for searching a good monitor controller because mine has some little issue.
Given that you have been the designer of SSL I'd like to turn into analog world by asking you if VCAs can cause degrade of the signal. In fact the main problem of my controller is the discrepancy between the LR channels at low level and maybe this problem could be solved only with digital control and VCAs. But I've heard that VCAs tend to deteriorate the signal. Could be there other factors in a unit like a control monitor which can cause a non clear signal?
If you think that it's better to copy this Q in the dedicated post, do it.
Thank you
To address your original question; I understand that you are talking about a unit that has it's own DAC in it - used for only monitoring purposes?

I can't think why such a device would have a VCA in it at all - or am I being naive? As far as I can tell all that's needed in the audio path within the box is a DAC (with some gain control) a monitoring volume control and some output stages?
Old 18th May 2006
  #56
Gear Nut
 
innesireinar's Avatar
 

The problem origins when reading the Bob's book there is a section entirely dedicated to monitoring, how to calibrated them and some trick like level marks for a quickly return to a provious level.
SInce working in DAWs is very common today it's necessary to have a unit that allows to do all these things. When I switched to PT and sold my Yamaha 02R (I) the SPL was a unit that allowed to do some of these things, but it lacks of linearity potentiometer, good speaker's connectors (with daily false contacts), and trims for calibrating the monitor outs. I went for it because it was affordable.
Nicest units like Grace Design, Martinsound, Crane Song, Audient have all the features listed above plus individual monitor mute, ind. monitro solo, dim, mono, control level with a display for a precise level position, many input sources and for those that support 5.1 and 7.1 more other features. Other nice plus about these units is remote control. But because of this remote I thought that the level of these highest units is controlled by VCAs.
Some of these units have DAC on board but I'd like to have one without converters because I've already have a pretty good one and don't want to buy another one.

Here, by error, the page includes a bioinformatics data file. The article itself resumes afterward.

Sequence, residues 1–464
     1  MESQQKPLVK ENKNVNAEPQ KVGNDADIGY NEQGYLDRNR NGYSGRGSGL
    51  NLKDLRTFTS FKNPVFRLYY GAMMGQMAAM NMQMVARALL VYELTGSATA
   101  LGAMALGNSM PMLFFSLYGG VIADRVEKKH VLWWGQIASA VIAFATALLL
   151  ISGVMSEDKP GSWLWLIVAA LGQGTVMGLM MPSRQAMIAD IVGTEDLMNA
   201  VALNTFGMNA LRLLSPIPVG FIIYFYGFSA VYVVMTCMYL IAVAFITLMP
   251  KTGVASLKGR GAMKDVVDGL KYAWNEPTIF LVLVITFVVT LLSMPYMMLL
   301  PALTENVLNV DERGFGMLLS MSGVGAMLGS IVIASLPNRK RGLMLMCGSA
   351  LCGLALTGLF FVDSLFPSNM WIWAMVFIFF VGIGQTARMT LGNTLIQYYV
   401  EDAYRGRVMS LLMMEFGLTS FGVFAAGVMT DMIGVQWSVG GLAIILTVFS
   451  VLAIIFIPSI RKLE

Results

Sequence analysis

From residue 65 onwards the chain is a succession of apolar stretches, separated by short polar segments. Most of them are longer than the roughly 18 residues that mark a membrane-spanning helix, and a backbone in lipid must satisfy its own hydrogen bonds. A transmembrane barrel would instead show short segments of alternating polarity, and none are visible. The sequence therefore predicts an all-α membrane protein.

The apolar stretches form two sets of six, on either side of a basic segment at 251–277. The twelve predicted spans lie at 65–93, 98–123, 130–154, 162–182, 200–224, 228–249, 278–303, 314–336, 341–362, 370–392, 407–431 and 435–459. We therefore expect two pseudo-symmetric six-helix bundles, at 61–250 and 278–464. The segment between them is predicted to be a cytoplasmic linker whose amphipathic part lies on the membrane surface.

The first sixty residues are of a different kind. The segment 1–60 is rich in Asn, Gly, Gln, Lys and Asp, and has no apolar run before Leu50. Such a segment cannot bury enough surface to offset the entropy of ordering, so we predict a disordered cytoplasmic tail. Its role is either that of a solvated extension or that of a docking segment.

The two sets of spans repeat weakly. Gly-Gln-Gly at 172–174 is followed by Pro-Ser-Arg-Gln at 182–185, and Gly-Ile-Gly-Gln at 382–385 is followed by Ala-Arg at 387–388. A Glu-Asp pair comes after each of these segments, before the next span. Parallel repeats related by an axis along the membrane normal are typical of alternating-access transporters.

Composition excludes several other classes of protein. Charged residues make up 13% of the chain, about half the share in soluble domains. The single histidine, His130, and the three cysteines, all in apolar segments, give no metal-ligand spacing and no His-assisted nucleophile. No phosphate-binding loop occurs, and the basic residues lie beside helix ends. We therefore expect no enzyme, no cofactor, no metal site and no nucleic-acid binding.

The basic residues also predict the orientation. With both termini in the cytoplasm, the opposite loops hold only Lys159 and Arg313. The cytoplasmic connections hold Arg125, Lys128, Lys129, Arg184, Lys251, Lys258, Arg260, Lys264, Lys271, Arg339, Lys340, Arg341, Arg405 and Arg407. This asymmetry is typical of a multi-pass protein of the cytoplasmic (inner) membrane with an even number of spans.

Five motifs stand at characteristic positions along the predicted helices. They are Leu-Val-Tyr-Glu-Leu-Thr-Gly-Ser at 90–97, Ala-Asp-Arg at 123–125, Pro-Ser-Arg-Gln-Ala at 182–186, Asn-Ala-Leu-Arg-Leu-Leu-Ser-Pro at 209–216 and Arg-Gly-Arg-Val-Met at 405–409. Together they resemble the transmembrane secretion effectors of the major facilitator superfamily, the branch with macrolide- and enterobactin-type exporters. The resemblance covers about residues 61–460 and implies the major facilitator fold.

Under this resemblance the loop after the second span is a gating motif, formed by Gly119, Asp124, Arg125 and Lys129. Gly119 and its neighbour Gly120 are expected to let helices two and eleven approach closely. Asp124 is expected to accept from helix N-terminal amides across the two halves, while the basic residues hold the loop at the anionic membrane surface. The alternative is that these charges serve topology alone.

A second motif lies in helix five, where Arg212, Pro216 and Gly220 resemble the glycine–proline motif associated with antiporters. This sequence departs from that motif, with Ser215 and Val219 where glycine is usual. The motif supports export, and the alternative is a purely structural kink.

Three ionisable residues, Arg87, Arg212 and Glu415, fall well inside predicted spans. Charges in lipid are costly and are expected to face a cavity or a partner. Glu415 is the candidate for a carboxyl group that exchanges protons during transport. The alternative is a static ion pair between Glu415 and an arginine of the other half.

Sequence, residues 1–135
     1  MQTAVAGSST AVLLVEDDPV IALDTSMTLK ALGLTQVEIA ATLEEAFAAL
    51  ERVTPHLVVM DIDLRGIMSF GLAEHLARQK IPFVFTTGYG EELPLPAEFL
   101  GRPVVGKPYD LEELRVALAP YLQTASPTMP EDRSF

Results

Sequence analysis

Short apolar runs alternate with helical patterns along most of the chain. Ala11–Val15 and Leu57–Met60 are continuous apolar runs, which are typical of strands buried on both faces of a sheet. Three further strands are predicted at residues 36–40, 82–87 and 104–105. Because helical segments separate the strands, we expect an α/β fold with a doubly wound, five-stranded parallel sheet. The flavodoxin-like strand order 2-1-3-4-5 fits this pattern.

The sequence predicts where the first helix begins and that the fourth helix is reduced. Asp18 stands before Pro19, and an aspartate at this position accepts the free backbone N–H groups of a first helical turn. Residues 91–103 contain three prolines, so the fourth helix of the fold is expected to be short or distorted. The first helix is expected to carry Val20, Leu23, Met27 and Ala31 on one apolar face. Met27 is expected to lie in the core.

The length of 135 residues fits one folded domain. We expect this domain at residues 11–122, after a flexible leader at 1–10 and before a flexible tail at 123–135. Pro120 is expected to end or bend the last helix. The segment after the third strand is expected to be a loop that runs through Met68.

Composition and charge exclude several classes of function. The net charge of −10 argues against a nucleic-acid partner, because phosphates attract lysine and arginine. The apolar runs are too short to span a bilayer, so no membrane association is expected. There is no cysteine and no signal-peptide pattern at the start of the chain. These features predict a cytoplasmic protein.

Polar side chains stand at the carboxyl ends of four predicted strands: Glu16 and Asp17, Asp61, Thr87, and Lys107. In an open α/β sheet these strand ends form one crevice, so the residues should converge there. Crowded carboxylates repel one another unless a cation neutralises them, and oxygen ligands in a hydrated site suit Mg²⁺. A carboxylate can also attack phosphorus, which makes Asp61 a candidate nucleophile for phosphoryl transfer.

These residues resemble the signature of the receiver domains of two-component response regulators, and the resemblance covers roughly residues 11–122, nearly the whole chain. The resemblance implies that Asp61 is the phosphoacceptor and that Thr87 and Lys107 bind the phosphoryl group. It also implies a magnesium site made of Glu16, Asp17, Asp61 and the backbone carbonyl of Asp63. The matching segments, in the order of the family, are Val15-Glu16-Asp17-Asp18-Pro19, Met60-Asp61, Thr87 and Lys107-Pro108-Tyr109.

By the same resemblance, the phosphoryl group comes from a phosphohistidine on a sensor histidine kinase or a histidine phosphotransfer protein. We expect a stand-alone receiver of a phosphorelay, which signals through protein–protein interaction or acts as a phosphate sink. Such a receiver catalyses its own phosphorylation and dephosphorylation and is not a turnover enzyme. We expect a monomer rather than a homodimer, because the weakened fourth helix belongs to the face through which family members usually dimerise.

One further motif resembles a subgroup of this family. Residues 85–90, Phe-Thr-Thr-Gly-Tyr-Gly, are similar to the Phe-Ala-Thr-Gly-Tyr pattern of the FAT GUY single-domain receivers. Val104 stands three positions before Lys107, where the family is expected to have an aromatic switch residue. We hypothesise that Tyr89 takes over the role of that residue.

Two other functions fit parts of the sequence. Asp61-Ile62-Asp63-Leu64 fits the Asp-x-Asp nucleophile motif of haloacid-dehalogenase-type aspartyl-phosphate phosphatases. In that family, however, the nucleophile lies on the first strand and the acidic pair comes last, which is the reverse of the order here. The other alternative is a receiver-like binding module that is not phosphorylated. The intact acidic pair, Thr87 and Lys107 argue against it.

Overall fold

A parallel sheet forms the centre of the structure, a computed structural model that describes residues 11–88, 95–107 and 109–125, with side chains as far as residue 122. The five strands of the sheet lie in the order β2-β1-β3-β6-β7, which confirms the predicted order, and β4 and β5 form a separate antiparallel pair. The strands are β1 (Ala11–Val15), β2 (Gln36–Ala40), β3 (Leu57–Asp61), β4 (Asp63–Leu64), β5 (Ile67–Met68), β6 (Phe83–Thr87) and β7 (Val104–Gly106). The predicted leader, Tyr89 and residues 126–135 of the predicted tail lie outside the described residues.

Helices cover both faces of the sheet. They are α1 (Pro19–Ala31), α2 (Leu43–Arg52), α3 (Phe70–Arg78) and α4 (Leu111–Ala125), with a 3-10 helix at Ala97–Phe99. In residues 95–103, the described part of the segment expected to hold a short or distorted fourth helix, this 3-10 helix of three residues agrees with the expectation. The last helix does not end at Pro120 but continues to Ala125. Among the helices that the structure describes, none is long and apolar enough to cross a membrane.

These are some of the units
http://www.cranesong.com/AVOCET.html
http://www.gracedesign.com/products/m906/m906.htm
http://www.martinsound.com/pd_mmu.htm
http://www.audient.co.uk/Audient_Pro...D=20&ItemID=38

Is there other ways for controlling more channel level at once other than VCAs by a remote?
The advice you suggested me to control the level via digital fader is a good way but don't it limit the resolution of the signal by doing this in a non-analog domain?
When mixing sometimes I need a very low level (even 50 dB SPL) and how good is to lower down the level via digital?
Old 18th May 2006
  #57
Mastering
 

Quote:
Originally Posted by innesireinar
It started last week when I and a friend OM had one of the boring discussion analog/digital. After hours of discussion where everyone has remain in his position I promised to link him the Digido site. After two days he called me saying "your guru (you) is stating that analog is better" - And I "maybe this article is old" - "no, is updated 2005".
I went to read the article and I've only stated a discrepancy about your words between the PSW thread and the article, because on PSW you said that analog is far from perfect, works that you have received in your mastering studio done in digital, with the add of good analog outboard sounded better than those done mixed on the desk.
Therefore I'd like to have a your definitively point about that.
Oh. Yes, time has marched on, in my opinion.

In another thread here on Gearslutz, introduced by Charles Dye, called "Favorite Analog Summing", I think I've covered my opinion. Here's another take on it, I guess it's a rehearsal for a rewrite of my article!

In the past (say, through 1990), in my writing, it was a fight against cumulative quantization distortion and grunge, and the use of low-quality plugins and digitgal processors----and that made full analog mixing and processing much more attractive than digital mixing and processing. Now, today, it's the opposite, digital processing has come a long way, if you don't abuse it.